Though this word is never specifically used in the Bible, it has become what most associate with Christianity or even religion in general. Most believe that if you adhere to a Christ-based religious belief system that you are obligated to go around doing good deeds or acts of benevolence. While there is some truth to that, there are also some misunderstandings.
When we see the church begin in Acts chapter two, we also see the beginning of the benevolent works of the church. “All those who had believed were together and had all things in common; and they began selling their property and possessions and were sharing them with all, as anyone might have need” (Acts 2:44-45). We see this again in chapter four (4:34-35). There was a need, and those of like faith stepped in to help.
Later, there arose a great famine, and the church would have to step in again to help its own. “Agabus stood up and began to indicate by the Spirit that there would certainly be a great famine all over the world… And in the proportion that any of the disciples had means, each of them determined to send a contribution for the relief of the brethren living in Judea” (Acts 11:28-29). We see this mentioned in other books of the New Testament (Rom. 15:26-27; 1 Cor. 16:1-3; 2 Cor. 8:1-5). They gathered and provided a collection from their own funds to help those saints in Judea. They gave as they were prospered, and some gave even in deep poverty. But all gave, giving themselves first out of love for each other (1 Cor. 13:3). What we see primarily happening is the church providing for its own. We do not see the church opening food banks for the community or worldwide outreach in benevolent works.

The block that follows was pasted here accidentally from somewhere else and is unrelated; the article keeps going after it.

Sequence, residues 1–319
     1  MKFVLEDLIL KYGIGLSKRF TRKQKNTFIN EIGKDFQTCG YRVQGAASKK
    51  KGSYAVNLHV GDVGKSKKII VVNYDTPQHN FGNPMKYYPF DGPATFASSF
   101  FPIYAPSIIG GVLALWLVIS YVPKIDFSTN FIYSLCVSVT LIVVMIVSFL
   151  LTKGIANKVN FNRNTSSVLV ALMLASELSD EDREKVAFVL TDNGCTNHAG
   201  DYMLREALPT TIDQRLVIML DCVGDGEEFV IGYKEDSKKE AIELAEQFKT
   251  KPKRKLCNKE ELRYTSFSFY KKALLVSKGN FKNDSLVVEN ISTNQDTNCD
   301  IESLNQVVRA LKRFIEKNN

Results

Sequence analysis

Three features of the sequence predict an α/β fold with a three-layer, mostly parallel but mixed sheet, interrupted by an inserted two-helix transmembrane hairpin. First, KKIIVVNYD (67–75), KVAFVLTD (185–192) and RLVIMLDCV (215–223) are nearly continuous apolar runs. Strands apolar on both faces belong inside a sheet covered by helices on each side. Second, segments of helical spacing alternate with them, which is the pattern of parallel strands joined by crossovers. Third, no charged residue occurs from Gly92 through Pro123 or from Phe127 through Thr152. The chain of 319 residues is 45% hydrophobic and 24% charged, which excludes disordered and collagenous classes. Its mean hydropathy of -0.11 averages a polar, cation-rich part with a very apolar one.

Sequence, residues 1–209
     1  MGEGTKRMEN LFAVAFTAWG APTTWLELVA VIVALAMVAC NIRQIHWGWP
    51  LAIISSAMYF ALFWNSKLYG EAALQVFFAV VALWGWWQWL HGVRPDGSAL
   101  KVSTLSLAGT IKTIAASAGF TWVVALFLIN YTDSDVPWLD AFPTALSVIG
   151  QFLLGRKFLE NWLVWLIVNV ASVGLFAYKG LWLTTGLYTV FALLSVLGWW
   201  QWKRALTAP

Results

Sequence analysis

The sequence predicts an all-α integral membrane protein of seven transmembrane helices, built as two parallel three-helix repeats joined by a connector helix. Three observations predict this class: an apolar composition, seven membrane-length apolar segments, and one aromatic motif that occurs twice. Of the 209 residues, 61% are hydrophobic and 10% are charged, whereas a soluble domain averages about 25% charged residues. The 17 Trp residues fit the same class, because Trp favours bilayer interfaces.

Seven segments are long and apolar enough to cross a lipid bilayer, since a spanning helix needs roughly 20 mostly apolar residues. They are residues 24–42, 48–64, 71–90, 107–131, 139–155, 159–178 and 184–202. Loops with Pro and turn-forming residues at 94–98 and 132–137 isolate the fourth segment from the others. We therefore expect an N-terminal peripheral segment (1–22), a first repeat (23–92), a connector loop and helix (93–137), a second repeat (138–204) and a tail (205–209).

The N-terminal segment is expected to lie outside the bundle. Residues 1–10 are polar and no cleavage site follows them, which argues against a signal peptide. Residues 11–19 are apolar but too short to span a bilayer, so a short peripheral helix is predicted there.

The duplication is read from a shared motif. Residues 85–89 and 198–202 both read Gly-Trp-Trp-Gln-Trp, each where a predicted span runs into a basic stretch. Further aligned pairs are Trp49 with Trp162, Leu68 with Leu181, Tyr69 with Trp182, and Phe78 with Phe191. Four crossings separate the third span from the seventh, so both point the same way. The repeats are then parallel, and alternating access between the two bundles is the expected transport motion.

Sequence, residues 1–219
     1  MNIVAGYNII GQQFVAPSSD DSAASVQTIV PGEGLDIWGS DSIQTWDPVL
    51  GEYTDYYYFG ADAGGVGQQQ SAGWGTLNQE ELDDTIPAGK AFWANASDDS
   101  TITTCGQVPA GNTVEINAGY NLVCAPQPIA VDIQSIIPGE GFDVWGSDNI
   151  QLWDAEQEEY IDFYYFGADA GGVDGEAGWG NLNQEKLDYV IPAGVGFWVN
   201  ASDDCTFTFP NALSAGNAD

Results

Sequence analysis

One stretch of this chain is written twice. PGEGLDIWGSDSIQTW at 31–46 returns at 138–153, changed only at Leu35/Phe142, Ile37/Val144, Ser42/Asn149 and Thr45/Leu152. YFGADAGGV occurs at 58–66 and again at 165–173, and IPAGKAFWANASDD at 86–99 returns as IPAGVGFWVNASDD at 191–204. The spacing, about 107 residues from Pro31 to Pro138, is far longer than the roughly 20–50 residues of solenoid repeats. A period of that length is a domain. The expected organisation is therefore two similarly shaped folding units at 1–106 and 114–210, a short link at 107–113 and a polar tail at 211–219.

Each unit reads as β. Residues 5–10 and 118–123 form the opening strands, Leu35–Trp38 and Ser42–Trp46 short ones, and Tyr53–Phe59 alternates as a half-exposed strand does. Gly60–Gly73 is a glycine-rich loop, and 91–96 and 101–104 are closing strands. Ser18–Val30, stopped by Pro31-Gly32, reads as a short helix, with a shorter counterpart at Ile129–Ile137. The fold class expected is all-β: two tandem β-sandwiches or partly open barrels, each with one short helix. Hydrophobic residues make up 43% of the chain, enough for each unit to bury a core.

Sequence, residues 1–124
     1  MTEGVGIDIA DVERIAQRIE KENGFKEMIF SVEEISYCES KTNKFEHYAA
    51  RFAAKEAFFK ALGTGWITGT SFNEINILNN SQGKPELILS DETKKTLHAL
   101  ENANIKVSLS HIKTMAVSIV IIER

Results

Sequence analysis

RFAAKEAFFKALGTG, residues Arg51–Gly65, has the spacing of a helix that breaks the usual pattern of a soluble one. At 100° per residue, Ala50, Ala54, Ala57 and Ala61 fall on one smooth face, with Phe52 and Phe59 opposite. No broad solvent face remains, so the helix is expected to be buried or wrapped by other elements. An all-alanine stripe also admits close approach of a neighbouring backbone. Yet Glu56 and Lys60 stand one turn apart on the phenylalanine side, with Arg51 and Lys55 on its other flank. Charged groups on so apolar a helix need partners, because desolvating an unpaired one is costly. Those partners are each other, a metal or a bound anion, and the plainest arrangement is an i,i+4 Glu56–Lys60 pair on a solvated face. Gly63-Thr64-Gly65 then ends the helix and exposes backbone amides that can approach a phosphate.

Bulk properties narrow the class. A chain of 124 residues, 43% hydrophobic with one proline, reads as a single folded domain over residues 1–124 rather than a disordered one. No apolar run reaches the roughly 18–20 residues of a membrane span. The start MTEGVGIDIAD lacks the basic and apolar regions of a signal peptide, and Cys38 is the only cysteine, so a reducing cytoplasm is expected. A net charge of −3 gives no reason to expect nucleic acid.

Does that mean that we have no responsibility to the world in the area of benevolence? Does that mean that I should have no second thoughts about helping someone I see in need that is not a member of the Lord’s church? Consider this, “So then, while we have opportunity, let us do good to all people, and especially to those who are of the household of the faith” (Gal. 6:10). There is some responsibility to help those that we can. Jesus taught the lawyer not who his neighbor was but that he must show himself to be neighborly by displaying a heart of compassion (Luke 10:30-35).
Are we called to feed the world or our community? No. Our only global obligation is to spread the gospel. Can that be done using benevolence? In some cases, yes. Remember that compassion, tempered with wisdom, given the opportunity and the means is the right recipe for good to be done. There is much that can be said about this, but the idea that a major role of the church is benevolence to the community is false.